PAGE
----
TT Epaper
The Telegraph
TT Photogallery
 
IN TODAY'S PAPER
WEEKLY FEATURES
CITIES AND REGIONS
ARCHIVES
Since 1st March, 1999
 
THE TELEGRAPH
 
 
CIMA Gallary

Stepping back in time

They arrived in Bath. Catherine was all eager delight; her eyes were here, there, everywhere, as they approached its fine and striking environs, and afterwards drove through those streets which conducted them to the hotel. She was come to be happy, and she felt happy already’.

Northanger Abbey by Jane Austen

It is a truth universally acknowledged that Bath is to Jane Austen what London is to Dickens. To step into the city — especially as I did during the Jane Austen Festival — is to be transported into Regency England, complete with bonnet, gown and reticule.

For six days in September the city comes alive with Jane Austen fans who promenade down the town centre, attend talks, drink tea, dance in the Regency style, and go to the theatre. For a die-hard Jane Austen fan like me, it was a complete treat.

Arriving in Bath early on a Sunday morning, I was just in time to attend Jane Austen’s Bath Walking Tour which begins from outside Bath Abbey, the 16th century church which dominates the city’s central square. The bells were pealing after the Sunday service as the costumed Austen fans, stood outside enjoying the autumn sun. I felt I was back in the 19th century.

Jane Austen came to Bath for the first time in 1800. She lived in the city for five years from 1801-1806 and based two of her novels in Bath. All the streets and scenes described in such detail in

Northanger Abbey can be covered as part of the Jane Austen trail. The city of Bath, with its grand crescents and Georgian buildings, Roman Baths and classical architecture fascinated Austen when she first visited the city. It is her initial enthusiasm for Bath that is reflected through her heroine Catherine’s eyes in Northanger Abbey. The city’s darker side comes out in Persuasion, her last novel.

The city of Bath (now declared a UN heritage site) is named after the historic Roman baths, one of the world’s best examples of preserved Roman architecture. Here, one can see the original hot water spring, and the grand remains of the great Roman temple and bath-house. One can still sample the water drawn from the spa fountain in the Pump Room as guests would have done in previous centuries.

It was at the Pump Room that all the visitors to Bath would gather in Austen’s days to socialise, dance and hope to meet their prospective partners. The room (used today as a restaurant) would contain a register where new visitors would enter their names and where families could check out who had come to Bath for the season.

Austen loved dancing and would frequently have gone dancing in the Assembly Rooms in Bath, which was at the heart of fashionable Georgian society. Today it is the location of the Fashion Museum. The beautiful ballroom has been lovingly restored to its former glory with the original gold-tipped chandeliers.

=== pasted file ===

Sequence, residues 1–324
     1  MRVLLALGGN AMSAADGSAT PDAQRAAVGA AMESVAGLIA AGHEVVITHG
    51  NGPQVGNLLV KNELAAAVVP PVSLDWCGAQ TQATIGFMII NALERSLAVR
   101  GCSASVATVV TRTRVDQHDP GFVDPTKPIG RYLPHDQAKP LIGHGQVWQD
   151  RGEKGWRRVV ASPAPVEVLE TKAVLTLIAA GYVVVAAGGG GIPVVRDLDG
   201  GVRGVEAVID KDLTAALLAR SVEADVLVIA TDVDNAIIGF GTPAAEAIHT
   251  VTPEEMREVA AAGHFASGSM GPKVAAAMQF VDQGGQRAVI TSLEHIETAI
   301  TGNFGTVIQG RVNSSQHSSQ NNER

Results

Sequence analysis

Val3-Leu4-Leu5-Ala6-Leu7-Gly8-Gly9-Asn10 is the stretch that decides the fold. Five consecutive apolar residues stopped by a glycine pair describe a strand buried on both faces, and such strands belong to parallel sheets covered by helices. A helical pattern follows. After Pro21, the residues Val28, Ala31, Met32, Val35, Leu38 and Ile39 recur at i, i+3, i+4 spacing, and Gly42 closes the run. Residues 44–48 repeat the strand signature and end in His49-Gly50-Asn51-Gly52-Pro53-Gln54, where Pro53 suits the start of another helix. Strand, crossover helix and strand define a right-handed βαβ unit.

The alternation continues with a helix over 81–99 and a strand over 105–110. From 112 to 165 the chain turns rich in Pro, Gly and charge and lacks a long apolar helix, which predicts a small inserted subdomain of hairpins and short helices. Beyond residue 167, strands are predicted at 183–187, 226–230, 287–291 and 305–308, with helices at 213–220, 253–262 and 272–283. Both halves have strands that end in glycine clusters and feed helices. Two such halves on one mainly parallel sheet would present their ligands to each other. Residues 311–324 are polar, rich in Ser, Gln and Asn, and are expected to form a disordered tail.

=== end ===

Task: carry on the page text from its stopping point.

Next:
This year’s Austen festival included among other things: a grand Masked Ball held in the Pump Room with a reception in the adjoining Roman Baths, a Promenade along Bath’s famous streets, dramatised readings from Austen’s novels, dancing lessons and even a talk called “Rummaging through the Reticule”, a look at what the ladies would have carried in their little pouch-style handbags. ”

Jane Austen was a great walker and would think nothing of walking two miles for a stroll. I took a mini-bus tour organised by the Festival to visit places around Bath that Austen would have regularly visited. This included a visit to Beechen Cliffs with its sweeping view of Bath, where Catherine embarrasses herself in Northanger Abbey and the beautiful

Parade Gardens on the banks of the River Avon. It was wonderful to stand outside Austen’s house at No 4 Sydney Place and picture her looking from her bedroom window at the Park outside.

There is no escaping the film and television adaptations of Austen’s books in Bath. Films like Pride and Prejudice starring Keira Knightley, Being Jane and other Austen-related works have been shot in the city in famous locations like the Royal Crescent and Pulteney Bridge. Darcy mugs (with Colin Firth as Darcy) can be bought at all tourist shops.

After a luxurious night in the Queensberry Hotel (a boutique hotel in a period Georgian house with high ceilings and an award-winning restaurant), it was time next day to “take the waters” of Bath. Bath is England’s only city with natural hot springs. The Thermae Bath Spa is the perfect place to relax in these natural hot waters. Recently refurbished, the Thermae Spa offers luxury without extravagant prices (26.00 for a two hour session).

It’s not known whether Austen ever used the Roman Baths. In those days the ladies would enter the Baths fully dressed, using little weights at the ends of their gowns to prevent them from floating up. Attendants walked around serving tea and chocolate on little trays.

Alas, no attendants walk around today offering delectable delights. It is possible, however, to go to the spa restaurant and enjoy a tea or coffee sitting in your bathrobe and slippers.

Sheer bliss!       

TRAVEL LOG

Getting there: You could take a train from London Paddington Station (90 minutes), a coach from Victoria Coach station or take the M4 (180 kms) to Bath.

Where to stay: Queensberry Hotel, 7 Russell Street, Bath